The past two years have seen few serious accidents in the Latin America and Caribbean area, and those that have happened have involved small turboprops. But two years is a short time in aviation safety terms and – given the region’s mediocre safety record over decades – not long enough to impress experts at bodies such as the International Civil Aviation Organisation.
The graph below, using figures assembled by Flight Ascend Consultancy, illustrates the long-term story. Using a nine-year moving average to derive the trend, the region still shows a higher accident rate than the world average, although it is closing with the global figures even as the latter are continuing to improve. That is the good news.
The bad news is that ICAO is not impressed with Latin American and Caribbean compliance with its standards and recommended practices (SARP) for safety oversight and infrastructure.
The region’s intentions are good, however. At Panama City in June the Regional Aviation Safety Group – Pan American (RASG-PA) restated its intention to reach, by 2020, a reduction of fatal accidents to 50% of the rate a decade earlier.
According to ICAO’s most recent safety report for the Americas, safety priorities for Latin America and the Caribbean, based on overall risk assessment, have been determined as loss of control in flight (LOC-I), runway excursion, controlled flight into terrain and mid-air collision.
The industry knows what it has to do, but ICAO’s Universal Safety Oversight Audit Programme (USOAP) indicates that safety oversight at a national level in the Latin American and Caribbean region is handicapped by the fact that it has, in absolute terms, the lowest level of technical staff qualification and training of all the regions, including in its accident and incident investigation services. Also revealed by USOAP is the need for dramatic improvement in infrastructure investment, particularly air navigation services, ground aids and airports.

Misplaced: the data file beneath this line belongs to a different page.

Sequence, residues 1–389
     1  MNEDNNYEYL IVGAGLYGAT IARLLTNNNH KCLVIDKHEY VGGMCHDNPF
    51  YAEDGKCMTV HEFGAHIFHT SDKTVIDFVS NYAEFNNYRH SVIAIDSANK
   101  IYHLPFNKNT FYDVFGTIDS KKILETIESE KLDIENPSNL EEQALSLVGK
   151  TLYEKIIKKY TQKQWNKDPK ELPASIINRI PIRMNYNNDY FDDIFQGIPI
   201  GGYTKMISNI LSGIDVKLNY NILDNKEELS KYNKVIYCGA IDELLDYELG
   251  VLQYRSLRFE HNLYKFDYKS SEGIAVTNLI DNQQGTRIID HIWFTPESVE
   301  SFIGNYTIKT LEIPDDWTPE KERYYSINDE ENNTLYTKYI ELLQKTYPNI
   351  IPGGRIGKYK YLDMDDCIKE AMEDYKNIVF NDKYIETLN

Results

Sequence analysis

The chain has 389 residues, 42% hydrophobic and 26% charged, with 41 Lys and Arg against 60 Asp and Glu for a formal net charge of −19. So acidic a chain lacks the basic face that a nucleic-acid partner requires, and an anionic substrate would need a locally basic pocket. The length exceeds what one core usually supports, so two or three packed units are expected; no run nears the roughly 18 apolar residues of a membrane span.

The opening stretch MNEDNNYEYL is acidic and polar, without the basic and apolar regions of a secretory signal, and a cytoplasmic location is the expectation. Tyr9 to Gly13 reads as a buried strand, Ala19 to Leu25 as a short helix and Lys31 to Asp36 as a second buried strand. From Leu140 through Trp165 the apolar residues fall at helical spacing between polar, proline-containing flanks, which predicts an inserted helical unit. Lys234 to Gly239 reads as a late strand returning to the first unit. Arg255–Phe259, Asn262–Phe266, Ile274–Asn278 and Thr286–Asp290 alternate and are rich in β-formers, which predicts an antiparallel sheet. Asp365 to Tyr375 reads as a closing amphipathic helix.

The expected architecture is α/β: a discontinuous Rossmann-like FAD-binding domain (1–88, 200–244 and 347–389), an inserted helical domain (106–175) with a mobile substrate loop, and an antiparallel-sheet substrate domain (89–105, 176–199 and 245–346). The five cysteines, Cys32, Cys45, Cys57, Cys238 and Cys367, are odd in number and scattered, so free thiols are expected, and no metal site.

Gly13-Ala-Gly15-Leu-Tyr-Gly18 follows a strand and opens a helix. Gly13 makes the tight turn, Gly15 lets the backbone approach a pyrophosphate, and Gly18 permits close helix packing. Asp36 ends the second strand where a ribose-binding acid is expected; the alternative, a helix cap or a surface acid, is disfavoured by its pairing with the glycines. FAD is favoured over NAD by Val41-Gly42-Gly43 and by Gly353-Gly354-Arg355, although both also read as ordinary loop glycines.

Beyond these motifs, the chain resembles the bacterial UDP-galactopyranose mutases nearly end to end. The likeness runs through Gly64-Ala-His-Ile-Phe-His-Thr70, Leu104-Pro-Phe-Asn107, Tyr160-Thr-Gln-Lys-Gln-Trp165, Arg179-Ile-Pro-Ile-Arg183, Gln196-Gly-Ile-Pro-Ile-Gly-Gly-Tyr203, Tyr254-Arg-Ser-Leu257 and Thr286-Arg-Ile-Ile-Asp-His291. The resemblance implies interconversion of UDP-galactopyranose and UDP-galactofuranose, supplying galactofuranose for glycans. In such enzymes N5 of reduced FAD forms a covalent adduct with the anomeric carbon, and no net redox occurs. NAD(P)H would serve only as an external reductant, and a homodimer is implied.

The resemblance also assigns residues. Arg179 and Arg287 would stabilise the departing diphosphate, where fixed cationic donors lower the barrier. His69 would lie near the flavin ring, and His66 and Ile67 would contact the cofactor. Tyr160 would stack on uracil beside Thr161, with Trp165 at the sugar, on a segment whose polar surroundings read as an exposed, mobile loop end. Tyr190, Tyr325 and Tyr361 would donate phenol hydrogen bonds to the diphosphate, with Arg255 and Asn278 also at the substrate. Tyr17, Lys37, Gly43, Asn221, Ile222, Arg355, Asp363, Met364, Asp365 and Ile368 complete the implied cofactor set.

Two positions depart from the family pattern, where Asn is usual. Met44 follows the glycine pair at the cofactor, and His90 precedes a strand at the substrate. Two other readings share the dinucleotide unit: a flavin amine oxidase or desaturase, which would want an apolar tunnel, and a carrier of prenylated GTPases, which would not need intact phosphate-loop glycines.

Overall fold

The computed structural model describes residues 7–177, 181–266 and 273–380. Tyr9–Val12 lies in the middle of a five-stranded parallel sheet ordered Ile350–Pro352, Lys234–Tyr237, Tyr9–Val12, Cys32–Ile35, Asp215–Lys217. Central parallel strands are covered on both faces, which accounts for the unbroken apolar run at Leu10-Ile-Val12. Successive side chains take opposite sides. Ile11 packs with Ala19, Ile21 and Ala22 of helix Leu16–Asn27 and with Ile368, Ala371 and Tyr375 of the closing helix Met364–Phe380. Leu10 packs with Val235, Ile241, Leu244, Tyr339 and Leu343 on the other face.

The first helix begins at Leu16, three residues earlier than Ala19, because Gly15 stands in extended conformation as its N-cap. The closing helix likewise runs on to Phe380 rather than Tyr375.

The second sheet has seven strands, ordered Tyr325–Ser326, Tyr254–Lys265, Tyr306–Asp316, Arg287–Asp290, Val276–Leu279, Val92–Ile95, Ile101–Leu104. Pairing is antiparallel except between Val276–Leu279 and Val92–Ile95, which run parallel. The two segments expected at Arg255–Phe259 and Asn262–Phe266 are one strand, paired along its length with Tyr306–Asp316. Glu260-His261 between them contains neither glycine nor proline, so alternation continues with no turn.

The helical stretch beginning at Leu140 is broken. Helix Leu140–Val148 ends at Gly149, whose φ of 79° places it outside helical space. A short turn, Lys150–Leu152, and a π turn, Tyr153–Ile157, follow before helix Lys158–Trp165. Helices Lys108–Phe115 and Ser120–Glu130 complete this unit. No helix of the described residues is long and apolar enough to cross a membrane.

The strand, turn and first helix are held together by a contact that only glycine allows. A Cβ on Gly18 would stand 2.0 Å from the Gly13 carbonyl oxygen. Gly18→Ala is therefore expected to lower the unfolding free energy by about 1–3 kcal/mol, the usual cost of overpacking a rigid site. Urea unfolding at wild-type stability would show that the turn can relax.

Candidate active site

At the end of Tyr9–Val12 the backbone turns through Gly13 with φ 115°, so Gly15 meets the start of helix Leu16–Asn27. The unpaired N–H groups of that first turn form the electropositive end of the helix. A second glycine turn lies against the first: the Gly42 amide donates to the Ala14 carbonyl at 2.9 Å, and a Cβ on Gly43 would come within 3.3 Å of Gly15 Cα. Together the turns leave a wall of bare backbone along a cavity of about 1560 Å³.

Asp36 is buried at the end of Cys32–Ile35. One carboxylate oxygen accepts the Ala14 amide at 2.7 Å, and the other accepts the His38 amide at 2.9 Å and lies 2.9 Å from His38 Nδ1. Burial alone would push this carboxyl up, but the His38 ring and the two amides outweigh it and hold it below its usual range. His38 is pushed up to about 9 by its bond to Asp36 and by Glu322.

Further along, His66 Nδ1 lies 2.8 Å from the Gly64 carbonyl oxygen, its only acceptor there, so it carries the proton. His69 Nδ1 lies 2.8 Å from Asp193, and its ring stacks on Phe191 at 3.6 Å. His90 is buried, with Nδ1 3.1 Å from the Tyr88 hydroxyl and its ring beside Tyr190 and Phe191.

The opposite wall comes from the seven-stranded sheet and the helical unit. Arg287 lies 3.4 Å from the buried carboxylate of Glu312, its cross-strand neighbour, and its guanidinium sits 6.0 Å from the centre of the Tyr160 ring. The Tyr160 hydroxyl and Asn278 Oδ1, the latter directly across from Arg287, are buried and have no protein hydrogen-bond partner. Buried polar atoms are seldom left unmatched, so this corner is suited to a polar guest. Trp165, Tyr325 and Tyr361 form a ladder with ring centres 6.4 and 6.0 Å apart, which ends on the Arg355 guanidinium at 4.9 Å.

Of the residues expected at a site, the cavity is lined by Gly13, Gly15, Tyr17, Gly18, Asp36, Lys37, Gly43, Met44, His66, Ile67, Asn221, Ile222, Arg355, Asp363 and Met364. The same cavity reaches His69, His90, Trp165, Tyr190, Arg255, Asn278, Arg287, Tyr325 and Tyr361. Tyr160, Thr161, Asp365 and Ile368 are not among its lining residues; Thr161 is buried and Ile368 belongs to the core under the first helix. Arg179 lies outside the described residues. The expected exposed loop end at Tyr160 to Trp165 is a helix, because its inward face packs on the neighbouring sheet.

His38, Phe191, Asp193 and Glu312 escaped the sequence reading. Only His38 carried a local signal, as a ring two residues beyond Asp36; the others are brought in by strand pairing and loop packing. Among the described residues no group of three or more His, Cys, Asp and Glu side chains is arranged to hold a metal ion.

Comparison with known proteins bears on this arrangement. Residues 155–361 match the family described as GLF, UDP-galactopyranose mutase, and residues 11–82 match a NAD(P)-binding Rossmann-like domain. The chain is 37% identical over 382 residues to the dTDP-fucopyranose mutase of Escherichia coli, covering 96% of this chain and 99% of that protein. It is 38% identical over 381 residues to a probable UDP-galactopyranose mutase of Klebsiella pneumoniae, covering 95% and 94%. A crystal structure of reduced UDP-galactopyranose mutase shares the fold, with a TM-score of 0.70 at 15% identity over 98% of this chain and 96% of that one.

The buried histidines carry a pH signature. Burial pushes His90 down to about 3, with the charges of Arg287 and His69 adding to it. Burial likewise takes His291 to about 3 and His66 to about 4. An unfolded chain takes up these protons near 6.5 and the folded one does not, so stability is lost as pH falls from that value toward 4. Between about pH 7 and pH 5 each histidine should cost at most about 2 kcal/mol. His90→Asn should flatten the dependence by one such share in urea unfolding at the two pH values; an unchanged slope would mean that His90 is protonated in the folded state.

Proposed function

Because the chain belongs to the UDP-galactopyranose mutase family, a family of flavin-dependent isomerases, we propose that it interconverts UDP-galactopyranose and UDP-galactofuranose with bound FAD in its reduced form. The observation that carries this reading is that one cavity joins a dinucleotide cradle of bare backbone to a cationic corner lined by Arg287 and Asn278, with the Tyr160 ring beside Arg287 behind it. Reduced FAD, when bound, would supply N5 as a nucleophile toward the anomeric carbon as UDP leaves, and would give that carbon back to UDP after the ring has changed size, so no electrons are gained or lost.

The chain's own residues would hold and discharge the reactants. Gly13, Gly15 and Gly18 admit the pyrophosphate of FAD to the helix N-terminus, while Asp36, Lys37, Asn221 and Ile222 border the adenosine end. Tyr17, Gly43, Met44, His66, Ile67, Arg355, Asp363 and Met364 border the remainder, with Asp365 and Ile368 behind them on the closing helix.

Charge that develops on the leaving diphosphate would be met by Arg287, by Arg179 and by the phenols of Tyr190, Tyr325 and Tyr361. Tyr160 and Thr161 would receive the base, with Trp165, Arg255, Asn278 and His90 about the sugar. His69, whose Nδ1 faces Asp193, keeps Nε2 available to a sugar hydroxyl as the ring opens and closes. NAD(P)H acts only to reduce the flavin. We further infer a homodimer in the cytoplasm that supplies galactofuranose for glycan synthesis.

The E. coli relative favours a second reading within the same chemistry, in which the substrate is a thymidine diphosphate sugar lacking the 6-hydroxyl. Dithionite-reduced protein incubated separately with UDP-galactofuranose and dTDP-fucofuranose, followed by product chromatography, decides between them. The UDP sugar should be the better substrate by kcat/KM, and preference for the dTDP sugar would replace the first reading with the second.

The RASG-PA 2016 conference in June recognised the need to continue to raise awareness of ground movement discipline to reduce runway incursion risk. Another matter that calls for careful monitoring is the successful introduction of more precision area navigation and performance-based navigation procedures in airport terminal areas.
And in common with all other regions, RASG-PA recognised the need to raise pilot awareness of the importance of stabilised approaches and skilful total energy management on final approach to avoid runway excursions.
The graph relates to fatal accidents since 1990 for major airlines and commuter airlines that operate jet or turboprop aircraft able to carry more than 14 passengers or the cargo equivalent. Crashes resulting from deliberate acts of violence are not included.
To produce reliable long-term trend data, the graph shows nine-year moving averages, so the first data point is for the nine-year period ending in 1998 and the last is for the nine years to the end of 2015. A moving average is used because accidents occur relatively rarely now, and annual graphs using such small figures tend to produce meaningless spikes.
Latin America’s 3.35 per million figure for 1998 was 2.4 times worse than the overall world rate at the time. For the period ending 2015, Latin America’s fatal accident rate was 0.93 per million – 3.6 times better than its performance 17 years earlier.
However, the world has also improved its safety performance during this time and its rate is now 0.57, an improvement of 2.5 times compared with Latin America’s 3.6. So the region is catching up – if slowly – with the world average.
Performance is not, of course, uniform across the continent. Some countries do better than others: Brazil is now more or less up to the world average, while Mexico and Chile are better than the world average, according to Flight Ascend Consultancy’s chief safety analyst, Paul Hayes.
For our coverage of the ALTA Airline Leaders Forum taking place in Mexico City on 13-15 November, visit www.flightglobal.com/alta